If you are going to use a chart, you have to use the whole chart and only that one chart.

If you look at MATTHEW SIMMONS’s numbers:

Most do not match the Sta-Rite’s Friction Loss Chart – AT ALL!!

THE REAL ANSWER: USE THE STA-RITE CHART

=========================================================================

The real reason that the numbers for the “DIPS AND TURNS” look funny is because:

a. It is WRONG!!

b. You have to realize that the two charts (“Straight” vs “Turns”) use 2 fundamentally different units of measurement.

– Straight piping is measured in “Loss of HEAD” (measured in head-feet)

– “Dips and Turns” is measured in “FEET” (measured in feet)

c. Since you have different units of measurement, you have to convert units.

For example, for the STANDARD TEE, in Plastic:

1.5″ = 13 ft

2.0″ = 17 ft

Looks funny right? That’s because we have to convert!

Converting to “LOSS OF HEAD” (at 70 gal/min), we get the following:

1.5″ = 13 ft * 28.70 head-ft / 100 ft = 3.70 head-ft

2.0″ = 17 ft * 8.53 head-ft / 100 ft = 1.45 head-ft

Thus, you can now see that the HEAD LOSS of a 1.5″ Tee is more than double that of a 2.0″ Tee.

Therefore, the lesson learned is:

a. One must use the same chart for all calculations

b. One must use the chart properly, by realizing where different units are applied.

I realize this is a lot of math for the non-engineer.

However, if you go can through the MATTHEW SIMMONS’s original example, and fix all the values, using the STA-RITE chart, you will gain the experience needed to calculate your own pool.

PS I typed this quickly, on the fly. So if I made an error, so be it.

That’s why if I were doing this for real, I would sit down and check/recheck/recheck all my values and calculations.

In fact, That is my SECOND RULE OF ENGINEERING:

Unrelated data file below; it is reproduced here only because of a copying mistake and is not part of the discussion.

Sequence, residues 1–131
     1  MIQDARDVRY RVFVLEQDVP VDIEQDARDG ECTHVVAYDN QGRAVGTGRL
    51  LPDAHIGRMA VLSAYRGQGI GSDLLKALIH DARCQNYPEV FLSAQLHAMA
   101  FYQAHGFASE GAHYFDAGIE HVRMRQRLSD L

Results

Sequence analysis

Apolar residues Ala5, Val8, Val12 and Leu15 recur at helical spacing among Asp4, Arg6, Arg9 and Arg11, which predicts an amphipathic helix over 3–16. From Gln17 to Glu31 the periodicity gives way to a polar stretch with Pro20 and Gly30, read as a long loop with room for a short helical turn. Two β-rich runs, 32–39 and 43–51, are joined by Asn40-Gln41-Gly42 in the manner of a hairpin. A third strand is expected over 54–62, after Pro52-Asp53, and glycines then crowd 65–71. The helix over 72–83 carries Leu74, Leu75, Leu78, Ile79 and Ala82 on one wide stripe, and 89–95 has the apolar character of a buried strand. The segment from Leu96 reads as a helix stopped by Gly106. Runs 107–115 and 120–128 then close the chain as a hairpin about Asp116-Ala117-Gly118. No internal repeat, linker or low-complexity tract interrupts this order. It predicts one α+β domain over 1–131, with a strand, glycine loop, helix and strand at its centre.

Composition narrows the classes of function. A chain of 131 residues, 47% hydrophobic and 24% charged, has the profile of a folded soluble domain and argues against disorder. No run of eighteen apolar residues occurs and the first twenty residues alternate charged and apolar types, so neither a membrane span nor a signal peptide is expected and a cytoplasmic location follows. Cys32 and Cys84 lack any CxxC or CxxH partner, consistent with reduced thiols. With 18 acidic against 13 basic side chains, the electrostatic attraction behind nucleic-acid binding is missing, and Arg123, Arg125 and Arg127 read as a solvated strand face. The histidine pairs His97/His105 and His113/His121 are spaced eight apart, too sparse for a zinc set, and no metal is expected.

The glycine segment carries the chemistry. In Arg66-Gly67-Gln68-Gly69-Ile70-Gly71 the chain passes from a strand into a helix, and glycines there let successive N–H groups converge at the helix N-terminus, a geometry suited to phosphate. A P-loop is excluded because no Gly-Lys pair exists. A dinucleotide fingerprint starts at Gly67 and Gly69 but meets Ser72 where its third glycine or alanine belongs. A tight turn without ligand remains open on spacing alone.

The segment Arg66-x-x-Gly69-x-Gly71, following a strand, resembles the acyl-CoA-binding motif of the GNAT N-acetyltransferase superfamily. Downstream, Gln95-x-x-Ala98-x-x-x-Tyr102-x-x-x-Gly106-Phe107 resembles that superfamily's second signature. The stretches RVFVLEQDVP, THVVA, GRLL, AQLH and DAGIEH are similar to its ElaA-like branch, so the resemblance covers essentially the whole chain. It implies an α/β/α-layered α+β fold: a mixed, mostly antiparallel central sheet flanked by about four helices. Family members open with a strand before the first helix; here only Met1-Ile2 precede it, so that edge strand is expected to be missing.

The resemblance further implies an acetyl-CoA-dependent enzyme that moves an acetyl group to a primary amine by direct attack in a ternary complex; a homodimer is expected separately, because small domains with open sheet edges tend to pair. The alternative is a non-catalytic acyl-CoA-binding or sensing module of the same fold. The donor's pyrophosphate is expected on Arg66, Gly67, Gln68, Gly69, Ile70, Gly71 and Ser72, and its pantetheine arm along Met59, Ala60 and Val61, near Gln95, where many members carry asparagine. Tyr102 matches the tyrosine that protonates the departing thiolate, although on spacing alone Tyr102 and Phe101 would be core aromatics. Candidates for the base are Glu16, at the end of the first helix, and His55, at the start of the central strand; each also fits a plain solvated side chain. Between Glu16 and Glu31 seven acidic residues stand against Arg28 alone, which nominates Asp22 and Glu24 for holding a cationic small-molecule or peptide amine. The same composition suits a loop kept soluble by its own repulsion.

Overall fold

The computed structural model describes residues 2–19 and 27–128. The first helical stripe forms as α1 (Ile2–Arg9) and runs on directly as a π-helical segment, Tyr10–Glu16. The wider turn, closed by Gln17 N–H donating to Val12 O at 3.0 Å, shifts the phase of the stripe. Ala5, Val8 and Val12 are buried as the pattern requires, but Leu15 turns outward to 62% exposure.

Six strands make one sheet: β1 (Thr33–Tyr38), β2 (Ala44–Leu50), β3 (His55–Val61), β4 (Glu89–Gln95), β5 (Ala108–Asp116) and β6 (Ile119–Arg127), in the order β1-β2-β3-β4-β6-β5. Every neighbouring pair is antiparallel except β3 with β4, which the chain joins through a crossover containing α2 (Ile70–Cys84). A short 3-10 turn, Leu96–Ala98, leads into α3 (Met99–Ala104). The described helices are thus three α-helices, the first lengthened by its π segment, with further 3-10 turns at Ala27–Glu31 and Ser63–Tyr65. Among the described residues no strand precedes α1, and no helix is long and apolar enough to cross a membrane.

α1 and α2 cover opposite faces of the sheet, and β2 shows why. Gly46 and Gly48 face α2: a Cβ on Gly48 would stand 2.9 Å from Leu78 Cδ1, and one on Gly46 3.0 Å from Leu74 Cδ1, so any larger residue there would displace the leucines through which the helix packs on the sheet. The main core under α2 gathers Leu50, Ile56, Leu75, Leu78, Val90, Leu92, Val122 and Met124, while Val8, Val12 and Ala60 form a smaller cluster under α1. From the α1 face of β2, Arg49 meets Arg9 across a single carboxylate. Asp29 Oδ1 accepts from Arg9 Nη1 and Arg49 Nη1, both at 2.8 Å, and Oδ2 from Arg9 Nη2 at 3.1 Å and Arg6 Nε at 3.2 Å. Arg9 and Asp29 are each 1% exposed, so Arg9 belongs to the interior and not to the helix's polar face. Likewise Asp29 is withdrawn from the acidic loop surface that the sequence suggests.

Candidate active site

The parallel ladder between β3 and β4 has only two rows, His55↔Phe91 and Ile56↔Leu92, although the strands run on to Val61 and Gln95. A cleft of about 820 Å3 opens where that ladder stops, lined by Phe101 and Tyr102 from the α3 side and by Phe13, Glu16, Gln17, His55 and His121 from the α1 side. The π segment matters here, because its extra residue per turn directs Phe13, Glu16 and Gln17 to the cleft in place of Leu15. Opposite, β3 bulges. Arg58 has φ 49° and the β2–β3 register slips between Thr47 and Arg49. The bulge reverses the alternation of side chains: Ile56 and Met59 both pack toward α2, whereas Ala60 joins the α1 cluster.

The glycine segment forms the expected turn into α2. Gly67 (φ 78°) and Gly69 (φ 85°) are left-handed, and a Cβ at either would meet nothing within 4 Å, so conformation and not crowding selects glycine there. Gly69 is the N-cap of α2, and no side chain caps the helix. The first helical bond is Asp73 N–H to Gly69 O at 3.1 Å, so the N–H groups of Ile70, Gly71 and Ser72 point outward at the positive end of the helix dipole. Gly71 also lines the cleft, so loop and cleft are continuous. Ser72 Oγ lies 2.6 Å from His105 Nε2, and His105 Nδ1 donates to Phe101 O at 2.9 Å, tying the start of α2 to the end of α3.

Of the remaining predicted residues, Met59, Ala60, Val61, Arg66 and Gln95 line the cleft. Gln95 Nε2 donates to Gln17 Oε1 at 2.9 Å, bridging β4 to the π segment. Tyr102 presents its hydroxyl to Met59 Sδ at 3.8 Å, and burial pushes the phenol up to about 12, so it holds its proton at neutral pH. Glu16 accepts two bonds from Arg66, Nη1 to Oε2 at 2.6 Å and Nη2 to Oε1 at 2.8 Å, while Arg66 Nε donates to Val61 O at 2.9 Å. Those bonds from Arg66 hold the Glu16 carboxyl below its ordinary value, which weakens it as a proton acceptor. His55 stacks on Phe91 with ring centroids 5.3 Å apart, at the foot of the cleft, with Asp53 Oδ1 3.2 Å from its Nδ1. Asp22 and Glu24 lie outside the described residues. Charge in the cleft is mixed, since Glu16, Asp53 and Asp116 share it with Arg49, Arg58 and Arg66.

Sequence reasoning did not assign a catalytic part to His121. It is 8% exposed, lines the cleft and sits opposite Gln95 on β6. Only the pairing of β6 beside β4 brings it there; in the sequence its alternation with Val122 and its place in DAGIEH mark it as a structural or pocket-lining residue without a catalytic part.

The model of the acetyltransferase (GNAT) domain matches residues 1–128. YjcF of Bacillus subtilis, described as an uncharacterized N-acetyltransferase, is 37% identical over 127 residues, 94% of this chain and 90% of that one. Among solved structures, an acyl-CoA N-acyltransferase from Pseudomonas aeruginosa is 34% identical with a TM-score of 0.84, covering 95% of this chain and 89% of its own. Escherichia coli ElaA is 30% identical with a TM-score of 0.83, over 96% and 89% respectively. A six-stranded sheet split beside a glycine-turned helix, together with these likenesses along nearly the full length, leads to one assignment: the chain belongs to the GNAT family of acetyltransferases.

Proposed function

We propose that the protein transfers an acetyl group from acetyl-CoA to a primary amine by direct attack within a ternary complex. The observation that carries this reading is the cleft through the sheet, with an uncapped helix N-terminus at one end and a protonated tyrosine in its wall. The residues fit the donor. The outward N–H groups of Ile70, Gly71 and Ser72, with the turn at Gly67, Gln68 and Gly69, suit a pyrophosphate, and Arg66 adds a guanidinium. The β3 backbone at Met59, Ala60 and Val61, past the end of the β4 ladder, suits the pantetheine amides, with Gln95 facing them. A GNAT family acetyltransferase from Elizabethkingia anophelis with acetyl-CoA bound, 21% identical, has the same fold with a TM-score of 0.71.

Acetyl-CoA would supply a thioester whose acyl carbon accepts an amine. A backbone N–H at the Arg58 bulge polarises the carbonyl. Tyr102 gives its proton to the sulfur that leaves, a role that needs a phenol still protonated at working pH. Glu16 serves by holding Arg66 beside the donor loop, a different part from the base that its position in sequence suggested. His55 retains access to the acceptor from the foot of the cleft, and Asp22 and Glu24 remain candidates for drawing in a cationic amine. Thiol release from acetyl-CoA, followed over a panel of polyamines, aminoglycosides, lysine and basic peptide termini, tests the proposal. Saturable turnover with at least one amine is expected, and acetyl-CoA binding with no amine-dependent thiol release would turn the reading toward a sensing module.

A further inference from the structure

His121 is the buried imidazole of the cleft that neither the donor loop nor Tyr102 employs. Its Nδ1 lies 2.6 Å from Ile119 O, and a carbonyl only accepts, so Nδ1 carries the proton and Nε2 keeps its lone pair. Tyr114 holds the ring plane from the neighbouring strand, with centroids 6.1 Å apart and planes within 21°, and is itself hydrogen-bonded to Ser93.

Check and Recheck, then Recheck again!

Hi, I have a question that bugs me.

There is a table of data , to calculate the ” feet of head ” of my pool.

GPM 1-1/2″ PVC 2″ PVC

40 9.43 2.75

50 14.3 4.16

60 20 5.84

70 28.6 7.76

80 36.7 9.94

if I know the GMP pump that I need to buy why all the calculations? I do not know what is the GMP of the pump that I need to buy – yet to calculate “feet of head ” I have to know. Otherwise I can not do the calculation. Am I missing something?

Thank you for you advise, Jeno

The gallons per minute (GPM) of a pump is determined in part by the feet of head. The output of a pump can vary by 40 or more GPM depending on the feet of head, and style of pump, The charts in the article are there to give you an idea how GPM is affected by the pipe size.

See the example below of a WhisperFlo pump curve; the lines labeled by letters are horsepowers from .5 and up. You can figure out the approximate feet of head using the general guidelines provided in the article. Using that feet of head calculation, you can use the pump curve to figure out the horsepower needed to match the GPM.

I’m not an expert but the calculations for the vertical rise and fittings seem incorrect.

Per the following article, I believe the vertical rise would be calculated from lowest point drain PVC to pool pump subtracting water height: (1.5 feet PVC below drain + 2 feet from top of water to pump = 3.5 feet vertical rise)

http://www.marchpump.com/blog/how-to-calculate-total-dynamic-head-for-industrial-pump/

The friction loss for fitting is expressed in “equivalent feet of straight run pipe” for the same size pipe. In other words, take # of elbows and multiply by equivalent straight run length for 1 elbow then use the friction loss for straight pipe. Using the STA-RITE tables, 1 elbow for 2″ pipe would be equivalent to 9 feet of pipe length. So for 5 elbows that would be 5 * 9 = 45 feet. Using your table for straight 2″ pipe that would be 45/100 * 7.76 = 3.492 feet of head. If you do that for the rest of fitting I’m pretty sure you won’t get anywhere near 58.2 feet.

Also, STA-RITE tables seem very high compared to:

http://www.spearsmfg.com/IP-4/05%20Engineering%20and%20Design.pdf

https://www.plumbingsupply.com/flowchart.html

In these table, 1 elbow would be in the neighborhood of 6 equivalent feet of straight run pipe compared to 9 for STA-RITE.

I too question the “dips, turns and twists” total. Matthew, shouldn’t we apply the ‘7.76 per 100 feet’ factor to this?